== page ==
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Wednesday, September 23, 2015

Random Encounters: Mythical Mountain

Time for another set of random encounter tables! This is the last of the "new" genres, so now I will go back through some genres I've already addressed and create tables for new locations.

As always, the goal of these tables is to allow you to create an interesting encounter in a genre (mythical, in this case) at a specific location (here, a mountain). Hopefully, these tables are reminiscent of classical mythologies, and they inspire you to create a memorable, mythical encounter.

Mythical Mountain

1. A mountain goat with a snake’s head
2. A tribe of tiny mouse people
3. An eagle with two heads: one head spits fire, the other exhales sleeping gas
4. A gigantic earthworm that can eat granite
5. A winged tortoise who speaks only in rhymes
6. A humanoid creature made half of tree and half of rock

Environment feature
1. A dark cave is lit only by a glowing stalactite.
2. A narrow cliffside path crumbles away at the edges.
3. A long canyon is prone to rockslides.
4. An abandoned shrine has an aura of death.
5. A bank of black, impenetrable fog is rolling down the mountain from above.
6. A small spring burbles nearby, and the sound it entrancing.

1. Half-vulture, half-wolf creatures swoop down out of nowhere and attack everyone.
2. A bolt of lightning strikes the creature.
3. The ground shakes, and a deep voice bellows from nearby, "Who disturbs my slumber?!"
4. The creature transforms into a tall humanoid with antlers and ram's hooves.
5. A warrior leaps out, seemingly from nowhere, and tries to slay the creature.
6. The creature begins fading, and hurriedly marks a strange symbol in the dirt.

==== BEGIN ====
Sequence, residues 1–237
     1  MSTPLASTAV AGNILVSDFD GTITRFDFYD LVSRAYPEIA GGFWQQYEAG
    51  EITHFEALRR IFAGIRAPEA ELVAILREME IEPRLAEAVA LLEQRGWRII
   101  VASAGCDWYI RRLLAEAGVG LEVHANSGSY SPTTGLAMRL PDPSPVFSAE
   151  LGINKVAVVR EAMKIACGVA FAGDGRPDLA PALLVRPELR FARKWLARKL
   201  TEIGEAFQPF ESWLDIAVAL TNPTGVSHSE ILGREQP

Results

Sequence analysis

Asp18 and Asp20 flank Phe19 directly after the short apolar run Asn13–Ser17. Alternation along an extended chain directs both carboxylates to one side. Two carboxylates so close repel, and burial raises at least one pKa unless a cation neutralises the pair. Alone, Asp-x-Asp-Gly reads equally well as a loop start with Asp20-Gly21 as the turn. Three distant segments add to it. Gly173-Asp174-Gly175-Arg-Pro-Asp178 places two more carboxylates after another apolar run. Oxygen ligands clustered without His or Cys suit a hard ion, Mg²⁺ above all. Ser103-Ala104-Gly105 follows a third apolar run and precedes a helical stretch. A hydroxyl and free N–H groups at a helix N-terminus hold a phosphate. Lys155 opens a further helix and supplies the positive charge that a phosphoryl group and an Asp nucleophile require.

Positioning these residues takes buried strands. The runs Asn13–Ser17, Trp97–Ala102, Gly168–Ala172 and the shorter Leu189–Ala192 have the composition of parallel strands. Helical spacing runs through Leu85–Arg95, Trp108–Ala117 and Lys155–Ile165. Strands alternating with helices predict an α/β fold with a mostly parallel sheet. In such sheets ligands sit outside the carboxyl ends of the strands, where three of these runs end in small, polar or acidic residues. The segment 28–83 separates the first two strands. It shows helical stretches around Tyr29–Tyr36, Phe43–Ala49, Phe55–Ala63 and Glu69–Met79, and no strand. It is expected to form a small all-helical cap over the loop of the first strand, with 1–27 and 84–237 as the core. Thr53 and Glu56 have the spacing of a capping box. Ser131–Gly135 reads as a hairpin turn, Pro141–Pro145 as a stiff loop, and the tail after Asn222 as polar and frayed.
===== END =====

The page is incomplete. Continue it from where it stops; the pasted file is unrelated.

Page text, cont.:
Friday, September 18, 2015

Troll in the Dungeon!

In case you aren't familiar with Harry Potter, there is a part in the first book (and movie) where a teacher runs into the crowded great hall and shouts that there is a troll in the dungeon. The school erupts in panic and hijinks ensue for the heroes.

This is far from the most interesting or creative way to introduce a problem to your characters, but if you use it sparingly, it is effective. What better way to galvanize your PCs into action than by having an NPC burst in on them and scream that danger is nearby. Bonus points if that NPC immediately faints so that he or she cannot provide any other useful information.

This is a very silly exercise, but here are some more urban fantasy threats that could appear in unlikely locations.

Troll in the Dungeon

1. Zombies in the kitchen!
2. Imps in the chimney!
3. Nixies in the vents!
4. Goblins in the bathroom!
5. Minotaur in the hallway!
6. Efreeti in the back seat!
7. Dragon in the atrium!
8. Vampires in the elevator!
9. Witches on the veranda!
10. Gorgon in aisle 5!
11. Dark elves in the storage shed!
12. Sirens on the sound stage!

Friday, September 11, 2015

Stolen Movie Plots, Ready for Use

So, on one of my favorite RPG blogs (DMing with Charisma), there is an article about designing a game session in 60 minutes. As part of the article's advice for planning a session in an hour, it contains a segment for determining the plot arc for the evening.

Go to your bookshelf, DVD case, video game collection, whatever place you have that stores creative media. Look over what you have and grab a few items with which you’re familiar.[...]Given what you’ve grabbed, consider each and boil it down to its most basic conflict. This is the plot you’ll use for your session [...] For these purposes the heroes and most of the setting are irrelevant. We only want a conflict and perhaps an antagonist, so ignore everything else.
When we look at [The Avengers film] very, very broadly, looking at the villain and conflict gives us “a magician appears to herald and lead invaders”. That’s the sort of thing you want because it gives you a lot of wiggle room.